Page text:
The workplace no longer has borders. The ubiquity of Personal Digital Assistants (“PDAs”), such as Blackberries, have made employees accessible anytime and everywhere that they may be.

But few employers, thrilled with their employees’ newfound, “round the clock” availability and heightened productivity, have considered their new liabilities.

Employees use PDAs while driving, walking on the street, at restaurants, bars, and even at the gym. They often don’t know who is listening or peering over their shoulders. Their employers should be concerned! They are ultimately responsible for their employees’ work actions. Any leaks of information can expose them to liability for a multitude of infractions. Betraying a client’s confidentiality, violating privacy rights, even damaging misstatements or defamation can easily result from a PDA “slip.” Employers will be making large payouts as result of those indiscretions.

Some employees feel the irresistible urge to immediately respond to the beep of a pending message. Hence, the reference to “CrackBerrys.” Common sense seldom prevails for some employees who abandon all discretion with their newfound toy. They use their PDAs to respond to work e-mails while driving. It will not be long before the first million-dollar damage award against an employer from another driver or pedestrian injured by one of their e-mailing employees occurs.

With PDAs, employees feel pressured to respond instantly. This is when mistakes occur. Often, when the message comes in, their minds are far from the job. They could be in a fight with their spouse or [feeling less inhibited] at a dinner party. They may have just been complaining about their boss to their friends. Their minds and emotions may not be appropriately constituted to provide critical information to their employer, customer or work colleague.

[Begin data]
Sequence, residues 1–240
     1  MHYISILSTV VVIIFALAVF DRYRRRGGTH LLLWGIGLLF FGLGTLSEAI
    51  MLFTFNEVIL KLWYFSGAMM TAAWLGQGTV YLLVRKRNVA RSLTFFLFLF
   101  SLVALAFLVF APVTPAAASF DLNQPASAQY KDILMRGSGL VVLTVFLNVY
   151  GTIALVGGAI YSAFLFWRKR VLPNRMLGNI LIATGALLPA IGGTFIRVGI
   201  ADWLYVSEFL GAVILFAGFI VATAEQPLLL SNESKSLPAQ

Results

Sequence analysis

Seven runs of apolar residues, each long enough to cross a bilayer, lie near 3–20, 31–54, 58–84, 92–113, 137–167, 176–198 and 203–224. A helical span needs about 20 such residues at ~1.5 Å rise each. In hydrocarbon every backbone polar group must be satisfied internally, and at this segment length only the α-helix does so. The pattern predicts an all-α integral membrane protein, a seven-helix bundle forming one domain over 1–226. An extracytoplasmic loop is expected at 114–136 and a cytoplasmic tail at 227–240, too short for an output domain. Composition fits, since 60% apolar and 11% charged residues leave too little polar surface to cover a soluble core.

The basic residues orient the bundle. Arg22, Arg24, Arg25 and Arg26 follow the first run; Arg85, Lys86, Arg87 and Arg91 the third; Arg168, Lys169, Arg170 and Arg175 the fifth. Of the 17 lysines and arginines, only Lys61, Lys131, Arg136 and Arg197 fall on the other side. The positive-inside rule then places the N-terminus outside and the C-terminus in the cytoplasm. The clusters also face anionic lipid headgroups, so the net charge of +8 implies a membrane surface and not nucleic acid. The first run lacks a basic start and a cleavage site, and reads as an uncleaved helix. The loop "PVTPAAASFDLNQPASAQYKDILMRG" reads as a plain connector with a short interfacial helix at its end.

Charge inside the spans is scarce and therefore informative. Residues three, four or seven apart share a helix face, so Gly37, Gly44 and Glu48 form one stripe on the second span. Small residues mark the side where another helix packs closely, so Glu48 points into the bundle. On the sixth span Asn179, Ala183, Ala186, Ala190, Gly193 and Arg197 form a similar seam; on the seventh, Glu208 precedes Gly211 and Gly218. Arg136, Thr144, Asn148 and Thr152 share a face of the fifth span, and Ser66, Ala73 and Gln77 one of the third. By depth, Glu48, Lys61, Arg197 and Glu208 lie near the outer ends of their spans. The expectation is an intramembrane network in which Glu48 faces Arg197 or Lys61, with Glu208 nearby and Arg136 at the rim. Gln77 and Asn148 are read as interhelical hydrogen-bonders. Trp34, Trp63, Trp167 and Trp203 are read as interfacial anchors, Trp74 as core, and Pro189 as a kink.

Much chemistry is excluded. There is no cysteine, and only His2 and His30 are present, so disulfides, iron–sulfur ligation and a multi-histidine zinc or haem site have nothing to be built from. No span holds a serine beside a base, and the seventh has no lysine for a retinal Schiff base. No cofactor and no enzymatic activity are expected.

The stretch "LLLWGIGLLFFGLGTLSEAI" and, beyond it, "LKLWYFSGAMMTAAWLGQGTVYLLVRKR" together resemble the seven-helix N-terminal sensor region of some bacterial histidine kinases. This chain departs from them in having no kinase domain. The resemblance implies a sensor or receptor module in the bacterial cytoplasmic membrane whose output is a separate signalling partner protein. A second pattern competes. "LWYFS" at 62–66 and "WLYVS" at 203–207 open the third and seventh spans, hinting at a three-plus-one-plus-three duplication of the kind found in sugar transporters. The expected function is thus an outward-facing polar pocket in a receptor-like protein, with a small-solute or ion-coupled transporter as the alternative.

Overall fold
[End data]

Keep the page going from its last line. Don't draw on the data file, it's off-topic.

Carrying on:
Not being in their office, with access to files and co-workers, there is also a likelihood of overlooking important issues necessary to provide the information sought. If their advice is incomplete or negligent, employers are liable for the work product.

The same rules for office communications apply to PDAs. But because of the speed of PDA communications, the language tends to be less formal and professional. Spelling mistakes are easily made while fervently typing on the tiny keyboard. Also, there is an increased risk of copying an e-mail to the wrong person.

Employers should reinforce that office rules for e-mail and internet use apply to PDAs. The PDA is the employer’s property. Employees should not expect them to be private. If any personal use is permitted, it should be limited. Employees should never e-mail inappropriate jokes or access pornographic websites. These rules are necessary to minimize an employer’s exposure to discrimination or sexual harassment complaints.

This is not a call to prohibit PDAs. They provide the flexibility and accessibility requisite to achieving the work-life balance that many employees crave. But while PDA use is rampant in the workplace, few employers have thought about its management. The following guidelines will assist employers:

  • Remind employees that the same rules that apply to the use of office telephones, computers and the Internet, also apply to PDAs. Any workplace policies should be revised to reference PDAs. Permitted and prohibited uses should be defined. Also, any policies should clearly state that employers have the right to access and inspect employees’ e-mails and Internet use.
  • All telephone and e-mail communications are confidential. Employees should be reminded to exercise discretion when using PDAs away from the office. Any e-mail communications sent from a PDA should have a tag line that identifies the communication as such. 
  • PDA passwords should be activated. Also, it should be turned off when not in use. This will prevent unauthorized use or improper viewing of important confidential business information.
  • Establish a protocol for PDA “etiquette.” For example, during meetings, clients deserve the employee’s undivided attention and PDAs should be turned off.
  • Your policy should require that PDAs not be used when the employee is driving. That will minimize the risk that the employer will be found to have been negligent if there is a PDA-induced accident.

PDAs are an example of employers and their law firms developing solutions to the problems of the past while blithely ignoring new risks. For reasons… difficult to understand, few have yet addressed these issues [and must do so].